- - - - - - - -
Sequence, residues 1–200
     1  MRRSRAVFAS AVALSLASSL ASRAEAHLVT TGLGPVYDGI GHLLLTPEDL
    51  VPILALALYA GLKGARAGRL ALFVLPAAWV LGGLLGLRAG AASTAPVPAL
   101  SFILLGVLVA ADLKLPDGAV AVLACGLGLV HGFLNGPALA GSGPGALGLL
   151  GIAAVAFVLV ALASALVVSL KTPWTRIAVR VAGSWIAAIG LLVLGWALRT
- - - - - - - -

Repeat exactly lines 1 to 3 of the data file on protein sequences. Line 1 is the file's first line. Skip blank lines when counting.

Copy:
Sequence, residues 1–200
     1  MRRSRAVFAS AVALSLASSL ASRAEAHLVT TGLGPVYDGI GHLLLTPEDL
    51  VPILALALYA GLKGARAGRL ALFVLPAAWV LGGLLGLRAG AASTAPVPAL